Did UK media ethically report on the Manchester bombing at the Ariana Grande concert last year? The May 2017 suicide bombing killed 22 and injured more than 100.
According to the Kerslake Report, which looked at “the preparedness for, and emergency response to” the attack and addressed media coverage, there is room for improvement. The report, set up by Greater Manchester mayor Andy Burnham in the wake of the bomb, “seeks to identify both the strengths and weaknesses in how the disaster was tackled,” according to the Manchester Evening News.
The report found that “most participants who commented on their experience of the media in the attack aftermath were negative,” with people saying they were “hounded” and “bombarded.” Families at the hospital said reporters “wouldn’t take no for an answer.” The report’s section on media didn’t name names for which reporters or news outlets upset victims’ families.
One family even said that a reporter was the first to tell them about the death of their son, according to their report. The BBC reported the details, noting that the deceased’s mother, Figen Murray, said she found she was “listened to” and “reassured” by the report. Murray explained a reporter broke the news of her 22-year-old son Martyn Hett’s death to her 16-year-old daughter, and “to put a young person in that position is unforgivable, it’s totally unethical.”
In addition, the report found “at least two examples of impersonation” where families believed journalists were posing as a nurse and a police officer, respectively.
Other complaints by families included:
- republication of photos of victims
- publication of photos where “deceased could be identified”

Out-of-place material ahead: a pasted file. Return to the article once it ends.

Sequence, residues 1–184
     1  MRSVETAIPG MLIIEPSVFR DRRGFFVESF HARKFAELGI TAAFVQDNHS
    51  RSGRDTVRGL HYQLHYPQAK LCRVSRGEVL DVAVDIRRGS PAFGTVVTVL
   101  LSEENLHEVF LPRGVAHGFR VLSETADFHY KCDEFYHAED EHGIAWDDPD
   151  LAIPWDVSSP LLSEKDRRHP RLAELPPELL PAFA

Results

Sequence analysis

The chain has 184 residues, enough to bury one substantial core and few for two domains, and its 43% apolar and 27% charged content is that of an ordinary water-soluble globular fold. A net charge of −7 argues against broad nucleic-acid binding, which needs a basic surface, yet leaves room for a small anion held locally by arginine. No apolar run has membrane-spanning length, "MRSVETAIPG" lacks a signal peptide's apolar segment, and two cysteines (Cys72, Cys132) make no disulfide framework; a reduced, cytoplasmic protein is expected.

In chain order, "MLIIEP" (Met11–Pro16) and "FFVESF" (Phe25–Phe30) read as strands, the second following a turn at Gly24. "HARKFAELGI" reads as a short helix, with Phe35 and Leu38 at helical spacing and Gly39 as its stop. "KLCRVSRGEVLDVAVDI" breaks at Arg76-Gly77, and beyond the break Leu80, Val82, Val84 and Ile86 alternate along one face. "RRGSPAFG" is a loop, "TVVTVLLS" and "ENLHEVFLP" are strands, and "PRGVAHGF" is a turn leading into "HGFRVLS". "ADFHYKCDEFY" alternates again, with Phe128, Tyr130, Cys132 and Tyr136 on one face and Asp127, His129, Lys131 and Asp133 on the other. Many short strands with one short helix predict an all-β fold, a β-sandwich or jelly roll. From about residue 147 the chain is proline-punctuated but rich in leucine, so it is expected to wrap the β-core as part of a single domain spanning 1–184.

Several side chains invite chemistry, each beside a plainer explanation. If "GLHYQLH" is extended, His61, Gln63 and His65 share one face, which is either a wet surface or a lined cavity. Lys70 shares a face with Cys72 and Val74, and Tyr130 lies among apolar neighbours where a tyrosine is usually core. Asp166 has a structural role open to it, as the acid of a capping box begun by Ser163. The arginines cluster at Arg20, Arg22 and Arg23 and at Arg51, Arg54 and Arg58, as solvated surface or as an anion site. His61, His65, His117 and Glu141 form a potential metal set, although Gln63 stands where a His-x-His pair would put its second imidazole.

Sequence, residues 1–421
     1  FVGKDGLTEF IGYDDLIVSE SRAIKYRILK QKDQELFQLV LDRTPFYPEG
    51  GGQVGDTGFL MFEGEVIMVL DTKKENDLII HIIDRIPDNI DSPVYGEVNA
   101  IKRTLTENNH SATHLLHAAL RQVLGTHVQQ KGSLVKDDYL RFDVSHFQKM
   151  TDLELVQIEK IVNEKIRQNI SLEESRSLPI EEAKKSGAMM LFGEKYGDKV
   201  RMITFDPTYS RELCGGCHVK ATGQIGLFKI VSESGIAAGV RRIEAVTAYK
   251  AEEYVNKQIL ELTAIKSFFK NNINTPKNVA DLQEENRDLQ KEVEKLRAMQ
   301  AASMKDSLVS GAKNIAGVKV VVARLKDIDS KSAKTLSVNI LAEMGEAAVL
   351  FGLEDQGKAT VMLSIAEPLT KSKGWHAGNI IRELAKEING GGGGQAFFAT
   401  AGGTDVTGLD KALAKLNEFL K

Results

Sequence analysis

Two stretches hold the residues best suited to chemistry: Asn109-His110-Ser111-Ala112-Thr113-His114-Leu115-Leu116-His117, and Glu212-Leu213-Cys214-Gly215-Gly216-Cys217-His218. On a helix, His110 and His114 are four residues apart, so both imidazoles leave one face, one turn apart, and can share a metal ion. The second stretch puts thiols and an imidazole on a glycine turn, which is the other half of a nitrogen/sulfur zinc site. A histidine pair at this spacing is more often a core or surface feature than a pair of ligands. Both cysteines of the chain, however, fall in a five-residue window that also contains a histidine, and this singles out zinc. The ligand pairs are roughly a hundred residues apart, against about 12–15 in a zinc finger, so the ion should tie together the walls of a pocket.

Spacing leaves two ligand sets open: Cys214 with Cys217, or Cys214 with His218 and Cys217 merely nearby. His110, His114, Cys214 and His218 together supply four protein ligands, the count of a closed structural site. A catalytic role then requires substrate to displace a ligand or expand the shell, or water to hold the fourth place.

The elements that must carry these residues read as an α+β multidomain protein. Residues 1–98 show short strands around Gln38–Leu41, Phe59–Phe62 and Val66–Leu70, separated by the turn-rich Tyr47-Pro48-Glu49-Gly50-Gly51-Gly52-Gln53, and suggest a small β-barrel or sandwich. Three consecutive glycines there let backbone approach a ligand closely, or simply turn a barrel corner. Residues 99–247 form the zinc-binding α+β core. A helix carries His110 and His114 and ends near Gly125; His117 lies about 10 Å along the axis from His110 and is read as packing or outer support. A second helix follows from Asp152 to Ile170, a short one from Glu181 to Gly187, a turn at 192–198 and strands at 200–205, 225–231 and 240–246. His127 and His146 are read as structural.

- use of information and photos from social media
- basic errors in reporting on victims
As iMediaEthics previously reported, one error in reporting on the attack was the false claim that a girl was missing during the attack. The Daily Star published a photo of a 13-year-old girl it identified as Lucy Cross and said was missing, but the girl’s name isn’t Lucy Cross and the girl was home with her family during the attack. The girl’s mother complained to the press regulator the Independent Press Standards Organisation about the error and obtained an apology.
The report did note that “a number of families spoke in praise of sympathetic reporting by the Manchester Evening News and other papers local to the bereaved.”
In addition, the Kerslake Report called for UK press regulator to provide guidance for journalists covering similar attacks, the Press Gazette reported.
iMediaEthics asked IPSO about the report’s findings. A spokesperson pointed iMediaEthics to IPSO’s statement from its chief executive Matt Tee reminding journalists are to “approach bereaved family members with sympathy and discretion,” be accurate, and do not invade privacy. He added, “we will be looking at what more we can do to support victims, families and the agencies that work with them as well as making sure that IPSO-regulated publishers are aware of their obligations and responsibilities under the Editors’ Code of Practice.”
In a separate blogpost, Tee reminded that IPSO “has a 24 hour harassment helpline” and can issue “private advisory notices” to “warn that a particular individual or family does not wish to talk to journalists.”
Hat Tip: Press Gazette